Hill Engineering recently published new research presenting an innovative new way to measure near-surface residual stress more reliably than conventional techniques. The paper is titled Near Surface Residual Stress Measurement Using Slotting and appears in Experimental Mechanics. The abstract text is available here along with a link to the publication.
There are various experimental measurement techniques used to measure residual stress and this work describes one such method, the slotting method, and its application to measure near surface residual stresses. This work examines its application to macro-scale specimens. A series of numerical experiments were performed to understand the size required to assume that the specimen is infinitely large, namely the thickness, width, and height. To assess measurement repeatability, 12 slotting measurements were performed in a shot peened aluminum plate. The numerical experiments determined the specimen should have a thickness greater than or equal to 21.6 mm (0.85 in), a total specimen width (normal to the slot length) greater than or equal to 44.5 mm (1.75 in), and total height (parallel to the slot) greater than or equal to 38.1 mm (1.5 in) for the specimen to be assumed to be infinite. Slotting measurement repeatability was found to have a maximum repeatability standard deviation of 30 MPa at the surface that decays rapidly to 5 MPa at a depth of 0.3 mm from the surface. Comparison x-ray diffraction measurements were performed. Infinite plate dimensions and slot length were determined as well as measurement repeatability. Slotting was shown to have significantly better repeatability than X-ray diffraction with layer removal for this application.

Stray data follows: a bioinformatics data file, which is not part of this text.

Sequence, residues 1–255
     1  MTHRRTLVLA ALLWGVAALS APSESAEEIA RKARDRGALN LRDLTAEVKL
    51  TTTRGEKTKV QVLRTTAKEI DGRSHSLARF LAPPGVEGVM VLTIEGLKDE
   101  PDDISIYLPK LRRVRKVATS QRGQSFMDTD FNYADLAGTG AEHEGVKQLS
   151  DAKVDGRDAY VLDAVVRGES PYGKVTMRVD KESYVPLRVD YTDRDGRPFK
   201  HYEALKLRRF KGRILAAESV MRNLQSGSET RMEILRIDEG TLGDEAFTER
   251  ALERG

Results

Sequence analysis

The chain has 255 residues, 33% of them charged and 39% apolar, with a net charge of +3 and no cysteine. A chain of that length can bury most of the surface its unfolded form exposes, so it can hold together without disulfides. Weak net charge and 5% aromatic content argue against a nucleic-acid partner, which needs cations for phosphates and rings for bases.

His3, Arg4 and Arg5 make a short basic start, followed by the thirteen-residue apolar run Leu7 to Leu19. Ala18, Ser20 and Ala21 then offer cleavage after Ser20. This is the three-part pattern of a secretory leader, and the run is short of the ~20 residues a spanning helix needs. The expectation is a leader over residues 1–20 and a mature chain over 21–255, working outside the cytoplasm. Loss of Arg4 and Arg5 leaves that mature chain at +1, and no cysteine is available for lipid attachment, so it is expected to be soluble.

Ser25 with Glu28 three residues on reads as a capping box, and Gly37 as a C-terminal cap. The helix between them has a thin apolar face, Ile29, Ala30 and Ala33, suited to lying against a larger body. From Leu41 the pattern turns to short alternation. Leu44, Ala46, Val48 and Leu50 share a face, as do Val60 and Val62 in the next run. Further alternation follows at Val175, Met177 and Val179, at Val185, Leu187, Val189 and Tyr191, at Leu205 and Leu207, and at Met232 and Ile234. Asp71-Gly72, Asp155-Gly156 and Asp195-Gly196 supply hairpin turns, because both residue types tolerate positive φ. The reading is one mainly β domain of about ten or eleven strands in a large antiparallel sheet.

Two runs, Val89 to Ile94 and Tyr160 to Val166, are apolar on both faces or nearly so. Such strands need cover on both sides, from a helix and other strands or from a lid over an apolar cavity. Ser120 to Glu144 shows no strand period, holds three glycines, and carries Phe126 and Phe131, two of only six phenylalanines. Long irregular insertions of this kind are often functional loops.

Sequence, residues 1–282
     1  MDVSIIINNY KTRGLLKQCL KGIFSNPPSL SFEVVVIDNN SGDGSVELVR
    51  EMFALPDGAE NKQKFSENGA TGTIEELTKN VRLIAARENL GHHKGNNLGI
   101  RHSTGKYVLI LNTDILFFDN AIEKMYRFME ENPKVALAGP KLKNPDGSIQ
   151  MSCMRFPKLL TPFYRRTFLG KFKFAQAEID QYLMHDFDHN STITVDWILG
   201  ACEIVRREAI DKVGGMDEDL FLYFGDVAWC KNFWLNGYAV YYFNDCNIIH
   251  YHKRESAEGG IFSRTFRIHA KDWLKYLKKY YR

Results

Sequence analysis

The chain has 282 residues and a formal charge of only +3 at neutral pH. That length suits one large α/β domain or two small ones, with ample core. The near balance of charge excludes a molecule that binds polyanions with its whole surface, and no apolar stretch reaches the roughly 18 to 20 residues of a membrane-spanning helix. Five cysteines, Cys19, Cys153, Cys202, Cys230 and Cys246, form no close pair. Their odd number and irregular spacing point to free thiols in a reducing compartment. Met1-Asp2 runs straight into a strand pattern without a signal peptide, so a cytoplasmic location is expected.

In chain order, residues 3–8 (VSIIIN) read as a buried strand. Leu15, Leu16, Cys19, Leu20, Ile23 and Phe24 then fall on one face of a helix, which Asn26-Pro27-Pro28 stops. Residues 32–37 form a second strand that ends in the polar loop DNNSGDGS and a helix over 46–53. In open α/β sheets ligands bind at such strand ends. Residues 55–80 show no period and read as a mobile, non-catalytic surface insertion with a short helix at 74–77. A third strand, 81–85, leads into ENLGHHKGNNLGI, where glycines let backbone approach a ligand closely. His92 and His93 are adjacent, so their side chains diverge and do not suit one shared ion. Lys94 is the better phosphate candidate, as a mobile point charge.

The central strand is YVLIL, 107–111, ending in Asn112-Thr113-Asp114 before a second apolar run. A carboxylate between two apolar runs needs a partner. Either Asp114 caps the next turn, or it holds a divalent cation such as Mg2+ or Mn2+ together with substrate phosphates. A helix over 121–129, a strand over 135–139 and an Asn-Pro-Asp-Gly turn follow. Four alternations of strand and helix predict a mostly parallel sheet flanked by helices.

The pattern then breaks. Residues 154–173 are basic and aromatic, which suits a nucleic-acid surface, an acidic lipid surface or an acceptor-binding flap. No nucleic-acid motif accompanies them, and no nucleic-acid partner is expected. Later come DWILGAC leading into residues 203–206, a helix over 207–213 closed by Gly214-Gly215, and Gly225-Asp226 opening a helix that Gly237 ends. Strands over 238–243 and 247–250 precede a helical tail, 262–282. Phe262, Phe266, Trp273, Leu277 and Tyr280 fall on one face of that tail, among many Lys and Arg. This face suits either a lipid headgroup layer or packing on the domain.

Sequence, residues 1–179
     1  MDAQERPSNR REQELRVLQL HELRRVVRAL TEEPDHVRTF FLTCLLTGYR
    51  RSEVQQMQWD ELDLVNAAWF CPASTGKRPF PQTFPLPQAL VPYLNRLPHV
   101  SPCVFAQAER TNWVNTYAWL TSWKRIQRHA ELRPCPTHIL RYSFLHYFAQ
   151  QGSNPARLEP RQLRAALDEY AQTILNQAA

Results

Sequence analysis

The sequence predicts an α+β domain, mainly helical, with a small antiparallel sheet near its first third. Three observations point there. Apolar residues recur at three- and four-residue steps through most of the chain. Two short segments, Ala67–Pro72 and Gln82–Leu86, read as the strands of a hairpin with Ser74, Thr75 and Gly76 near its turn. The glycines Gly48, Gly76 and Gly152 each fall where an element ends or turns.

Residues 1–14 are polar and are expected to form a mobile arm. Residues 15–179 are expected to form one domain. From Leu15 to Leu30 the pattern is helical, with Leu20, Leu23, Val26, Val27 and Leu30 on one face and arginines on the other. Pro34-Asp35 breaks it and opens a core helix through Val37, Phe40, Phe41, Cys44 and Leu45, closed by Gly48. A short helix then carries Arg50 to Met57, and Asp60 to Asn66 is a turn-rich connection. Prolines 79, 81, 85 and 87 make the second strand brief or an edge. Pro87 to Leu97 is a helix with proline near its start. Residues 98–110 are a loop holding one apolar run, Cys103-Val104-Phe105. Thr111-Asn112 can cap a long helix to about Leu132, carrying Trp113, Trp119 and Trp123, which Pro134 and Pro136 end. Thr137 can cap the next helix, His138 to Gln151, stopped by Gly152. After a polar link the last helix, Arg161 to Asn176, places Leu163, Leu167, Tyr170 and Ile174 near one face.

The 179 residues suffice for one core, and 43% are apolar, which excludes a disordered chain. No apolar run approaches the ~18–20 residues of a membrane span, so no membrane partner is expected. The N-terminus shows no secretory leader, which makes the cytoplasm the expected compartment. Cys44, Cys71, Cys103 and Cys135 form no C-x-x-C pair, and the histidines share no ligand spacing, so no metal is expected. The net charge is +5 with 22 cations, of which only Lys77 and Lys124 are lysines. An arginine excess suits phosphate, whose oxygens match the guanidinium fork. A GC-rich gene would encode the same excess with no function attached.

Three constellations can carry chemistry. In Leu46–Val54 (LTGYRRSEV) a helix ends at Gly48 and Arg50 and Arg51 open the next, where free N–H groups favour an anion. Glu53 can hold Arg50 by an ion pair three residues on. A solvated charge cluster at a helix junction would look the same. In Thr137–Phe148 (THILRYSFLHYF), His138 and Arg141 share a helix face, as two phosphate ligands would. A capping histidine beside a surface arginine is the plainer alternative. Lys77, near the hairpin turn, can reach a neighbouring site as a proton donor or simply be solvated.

If you are interested, the full publication is available here.